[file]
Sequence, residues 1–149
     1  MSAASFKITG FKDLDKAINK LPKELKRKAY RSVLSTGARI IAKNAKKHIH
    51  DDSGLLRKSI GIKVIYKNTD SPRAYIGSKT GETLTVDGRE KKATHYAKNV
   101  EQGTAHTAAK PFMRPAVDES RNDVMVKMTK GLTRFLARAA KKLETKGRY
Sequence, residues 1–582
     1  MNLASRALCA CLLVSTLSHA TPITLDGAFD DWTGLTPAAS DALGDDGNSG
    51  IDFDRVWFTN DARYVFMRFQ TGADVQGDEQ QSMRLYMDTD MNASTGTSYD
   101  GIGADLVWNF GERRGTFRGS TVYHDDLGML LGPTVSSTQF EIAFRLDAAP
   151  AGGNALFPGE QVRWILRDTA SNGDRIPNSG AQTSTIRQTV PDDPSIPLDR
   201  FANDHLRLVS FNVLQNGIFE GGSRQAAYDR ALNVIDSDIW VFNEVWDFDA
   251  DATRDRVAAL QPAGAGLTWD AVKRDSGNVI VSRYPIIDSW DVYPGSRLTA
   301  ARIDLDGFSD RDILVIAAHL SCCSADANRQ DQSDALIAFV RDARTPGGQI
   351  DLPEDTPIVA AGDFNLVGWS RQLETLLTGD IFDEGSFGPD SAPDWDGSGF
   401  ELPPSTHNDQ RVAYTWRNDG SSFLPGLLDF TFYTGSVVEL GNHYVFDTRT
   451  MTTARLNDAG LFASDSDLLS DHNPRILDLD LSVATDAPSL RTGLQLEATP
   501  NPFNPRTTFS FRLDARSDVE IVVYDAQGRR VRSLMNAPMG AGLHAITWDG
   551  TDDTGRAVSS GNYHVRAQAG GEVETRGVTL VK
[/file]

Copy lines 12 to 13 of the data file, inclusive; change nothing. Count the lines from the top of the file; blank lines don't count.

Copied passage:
   301  ARIDLDGFSD RDILVIAAHL SCCSADANRQ DQSDALIAFV RDARTPGGQI
   351  DLPEDTPIVA AGDFNLVGWS RQLETLLTGD IFDEGSFGPD SAPDWDGSGF